A reader writes:
I see that YOUR boy RON PAUL is also in favor of killing women in the womb.
Cant wait to see how you explain that one away… Or maybe you’ll finally come to your senses and realize RP is a fruitcake.
Ah! Feel the Christian love suffusing and transforming conservative politics! No corruption of the gospel happening here.
In answer to your
accusation question: Not a mystery. I disagree with his vote. My guess (and it’s just a guess) is that he thought it to be unenforceable grandstanding that in fact harms the prolife cause, for which a case can, in fact, be made–and has been, by a conservative Catholic. Still I would prefer as many roadblocks as possible to abortion and think he should have supported it. I do think it matters rather a lot *why* somebody voted against it. If they did so because they thought it harmed the prolife cause while not actually protecting anybody, that’s honorable. If they did so because they want no restriction whatever on murdering babies, that’s contemptible. Since Paul is on record as opposing abortion, I charitably assume his vote was motivated by the former reason. You uncharitably assume it’s because he wants to kill women. You should ask yourself why you let your political allegiances poison your words with rash judgment and calumny like that.
Beyond, that my angry reader needs to be aware that I’m already aware of Paul’s kookiness and that I hold no belief in his infallibility, nor do I share his religious faith in libertarianism and the Constitution. I support him because he does not ask me to embrace grave moral evil, unlike the two major candidates. I’m perfectly aware he does not have and never did have a prayer of getting nominated, much less winning. But he brings to the national conversation things that nobody else is saying that must be heard.
After I wrote the above, I got a Facebook question from somebody else, asking the same question with civility:
What say you about Ron Paul voting against the sex selection abortion bill? And no I am not in any way a republican or democrat and I certainly do not support Romney or Obama for president.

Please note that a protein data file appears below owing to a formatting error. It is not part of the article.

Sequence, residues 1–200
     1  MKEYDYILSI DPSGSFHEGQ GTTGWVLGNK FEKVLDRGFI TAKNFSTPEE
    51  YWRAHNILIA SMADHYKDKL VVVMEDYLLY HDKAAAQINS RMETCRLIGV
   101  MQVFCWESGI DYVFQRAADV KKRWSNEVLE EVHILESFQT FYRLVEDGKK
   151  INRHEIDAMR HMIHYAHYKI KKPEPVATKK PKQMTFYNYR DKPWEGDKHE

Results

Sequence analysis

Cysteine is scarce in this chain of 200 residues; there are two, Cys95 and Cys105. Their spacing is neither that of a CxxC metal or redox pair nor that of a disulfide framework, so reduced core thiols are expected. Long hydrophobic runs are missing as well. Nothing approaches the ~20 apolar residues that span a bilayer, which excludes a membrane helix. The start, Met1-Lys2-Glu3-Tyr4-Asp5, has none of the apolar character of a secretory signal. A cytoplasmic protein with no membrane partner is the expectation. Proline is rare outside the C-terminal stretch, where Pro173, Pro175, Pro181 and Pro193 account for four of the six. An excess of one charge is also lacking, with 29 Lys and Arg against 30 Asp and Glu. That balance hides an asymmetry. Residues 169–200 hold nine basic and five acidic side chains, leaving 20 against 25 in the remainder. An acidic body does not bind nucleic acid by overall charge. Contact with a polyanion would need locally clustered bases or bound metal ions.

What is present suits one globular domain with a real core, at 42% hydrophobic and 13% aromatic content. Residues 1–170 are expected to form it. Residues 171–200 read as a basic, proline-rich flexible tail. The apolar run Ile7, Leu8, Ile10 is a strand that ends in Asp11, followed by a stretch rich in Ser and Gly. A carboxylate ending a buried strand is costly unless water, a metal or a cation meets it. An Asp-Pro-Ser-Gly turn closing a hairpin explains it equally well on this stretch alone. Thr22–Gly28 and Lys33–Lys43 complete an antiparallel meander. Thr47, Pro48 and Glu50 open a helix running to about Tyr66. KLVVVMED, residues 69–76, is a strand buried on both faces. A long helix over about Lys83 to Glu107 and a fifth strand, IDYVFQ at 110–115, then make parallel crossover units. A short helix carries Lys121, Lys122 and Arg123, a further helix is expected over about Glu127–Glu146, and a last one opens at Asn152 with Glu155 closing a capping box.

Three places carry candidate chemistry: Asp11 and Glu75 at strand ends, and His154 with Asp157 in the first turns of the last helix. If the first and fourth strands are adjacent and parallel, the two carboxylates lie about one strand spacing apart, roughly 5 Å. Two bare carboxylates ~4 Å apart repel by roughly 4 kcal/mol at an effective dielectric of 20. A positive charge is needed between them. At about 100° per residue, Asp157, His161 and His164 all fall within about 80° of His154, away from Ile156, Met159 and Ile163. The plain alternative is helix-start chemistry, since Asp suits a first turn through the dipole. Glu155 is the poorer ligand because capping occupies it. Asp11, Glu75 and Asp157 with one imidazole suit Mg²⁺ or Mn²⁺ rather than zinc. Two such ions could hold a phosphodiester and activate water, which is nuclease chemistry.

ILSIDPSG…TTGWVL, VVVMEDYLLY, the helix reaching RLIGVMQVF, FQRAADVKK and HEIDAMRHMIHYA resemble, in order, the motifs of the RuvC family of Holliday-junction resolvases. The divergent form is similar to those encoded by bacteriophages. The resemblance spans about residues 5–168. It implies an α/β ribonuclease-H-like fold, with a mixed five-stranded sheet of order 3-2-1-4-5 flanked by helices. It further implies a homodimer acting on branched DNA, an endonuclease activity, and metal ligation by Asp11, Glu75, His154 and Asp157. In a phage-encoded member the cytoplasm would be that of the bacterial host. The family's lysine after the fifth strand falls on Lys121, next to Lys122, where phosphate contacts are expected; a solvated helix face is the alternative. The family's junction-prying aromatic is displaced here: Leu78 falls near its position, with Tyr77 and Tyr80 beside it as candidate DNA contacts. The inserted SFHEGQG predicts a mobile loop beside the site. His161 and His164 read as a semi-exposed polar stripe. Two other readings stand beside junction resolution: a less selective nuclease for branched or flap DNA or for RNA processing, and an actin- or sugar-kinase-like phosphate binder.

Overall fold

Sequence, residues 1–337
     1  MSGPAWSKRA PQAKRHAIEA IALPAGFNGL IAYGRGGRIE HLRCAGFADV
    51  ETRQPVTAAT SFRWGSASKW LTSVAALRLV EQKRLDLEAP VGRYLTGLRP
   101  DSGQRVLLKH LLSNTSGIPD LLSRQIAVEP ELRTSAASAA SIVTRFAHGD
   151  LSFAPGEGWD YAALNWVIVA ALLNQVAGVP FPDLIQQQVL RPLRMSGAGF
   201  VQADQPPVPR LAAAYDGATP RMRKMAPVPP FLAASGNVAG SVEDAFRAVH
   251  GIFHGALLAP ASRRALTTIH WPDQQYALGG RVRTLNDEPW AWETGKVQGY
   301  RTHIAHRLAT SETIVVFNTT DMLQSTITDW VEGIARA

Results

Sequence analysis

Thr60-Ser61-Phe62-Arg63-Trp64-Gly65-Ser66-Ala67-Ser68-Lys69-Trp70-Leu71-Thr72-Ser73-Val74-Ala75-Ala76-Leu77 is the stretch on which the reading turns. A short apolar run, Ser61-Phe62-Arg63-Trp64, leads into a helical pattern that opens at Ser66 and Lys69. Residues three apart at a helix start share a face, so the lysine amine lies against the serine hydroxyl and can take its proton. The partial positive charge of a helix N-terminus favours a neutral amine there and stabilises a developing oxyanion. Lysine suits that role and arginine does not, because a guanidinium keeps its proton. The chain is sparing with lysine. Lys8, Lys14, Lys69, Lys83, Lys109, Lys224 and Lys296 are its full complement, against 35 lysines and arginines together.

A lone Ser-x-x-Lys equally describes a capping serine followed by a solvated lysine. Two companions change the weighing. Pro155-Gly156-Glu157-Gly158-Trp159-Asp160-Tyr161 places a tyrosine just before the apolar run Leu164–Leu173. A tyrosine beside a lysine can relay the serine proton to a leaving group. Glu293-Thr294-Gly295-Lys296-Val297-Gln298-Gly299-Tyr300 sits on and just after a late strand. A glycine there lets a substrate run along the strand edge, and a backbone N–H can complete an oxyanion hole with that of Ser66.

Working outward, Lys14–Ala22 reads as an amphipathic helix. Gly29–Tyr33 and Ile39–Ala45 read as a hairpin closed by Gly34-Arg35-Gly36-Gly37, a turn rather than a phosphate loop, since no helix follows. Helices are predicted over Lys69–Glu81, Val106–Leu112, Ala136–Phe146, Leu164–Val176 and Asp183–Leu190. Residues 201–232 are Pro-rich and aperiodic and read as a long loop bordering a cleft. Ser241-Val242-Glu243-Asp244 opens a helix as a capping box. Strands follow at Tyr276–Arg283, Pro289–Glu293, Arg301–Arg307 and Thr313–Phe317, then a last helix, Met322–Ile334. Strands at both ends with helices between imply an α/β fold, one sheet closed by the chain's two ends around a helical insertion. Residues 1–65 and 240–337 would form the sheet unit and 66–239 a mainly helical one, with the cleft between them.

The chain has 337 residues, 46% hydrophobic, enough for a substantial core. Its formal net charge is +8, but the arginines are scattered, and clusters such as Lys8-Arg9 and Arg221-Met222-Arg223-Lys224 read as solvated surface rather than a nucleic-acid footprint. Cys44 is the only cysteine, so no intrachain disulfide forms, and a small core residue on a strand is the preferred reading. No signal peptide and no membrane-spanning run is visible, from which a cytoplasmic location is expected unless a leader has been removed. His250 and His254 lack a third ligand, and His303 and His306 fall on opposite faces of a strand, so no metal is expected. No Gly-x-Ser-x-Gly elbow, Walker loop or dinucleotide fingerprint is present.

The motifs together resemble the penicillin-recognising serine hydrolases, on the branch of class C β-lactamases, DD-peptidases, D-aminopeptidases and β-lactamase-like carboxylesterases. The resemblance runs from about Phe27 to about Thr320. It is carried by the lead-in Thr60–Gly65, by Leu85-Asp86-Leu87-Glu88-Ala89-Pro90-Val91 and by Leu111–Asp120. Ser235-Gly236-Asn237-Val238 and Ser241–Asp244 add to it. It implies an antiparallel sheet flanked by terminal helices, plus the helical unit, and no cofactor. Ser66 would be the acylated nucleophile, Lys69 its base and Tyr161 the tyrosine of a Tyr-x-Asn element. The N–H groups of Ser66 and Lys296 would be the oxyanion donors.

My reply: “I will have a little post on my Patheos blog on Monday about this. Short answer: I disagree with his vote but think there can be an honorable case made for it.”
At which point a Ron Paul zealot interjected:
Please make sure you know what you’re talking about before you post what you plan to. Under the American Constitution, the *federal* government has no jurisdiction over questions such as these.
American legislators take solemn oaths before God to uphold the Constitution.
This proposed law was unconstitutional.
Violating an oath to God is the mortal sin of sacrilege.
Given Paul’s knowledge of the Constitution, his vote for this legislation would have been an act of sacrilege.
Do you disagree with politicians not committing sacrilege?
My reply: “Oh brother. Chill. If it isn’t zealots insisting I have to condemn Paul or face charges of supporting the murder of women, it’s Paul zealots demanding I support him or face charges of supporting sacrilege.
I’m sure Paul acted out of principle. He always does. I was unclear what principle he was acting on, and if that’s the one, I can believe it. I still tend to disagree since I don’t regard the Constitiution as holy writ and therefore think that speaking of sacrilege against it is, well, sacrilegious. But I have no doubt he acted from conscience. He always acts from conscience.”
To which my Paul Zealot replied:
Does the Church no longer teach that oaths to God mean anything? When a man assumes public office, and takes an oath to God to follow that nation’s Constitution, doesn’t he necessarily commit the sin of sacrilege by violating that oath?
My reply: “You can’t seem to take yes for an answer. What part of ‘I’m sure he acted out of conscience’ was unclear to you? Lighten up, dude!”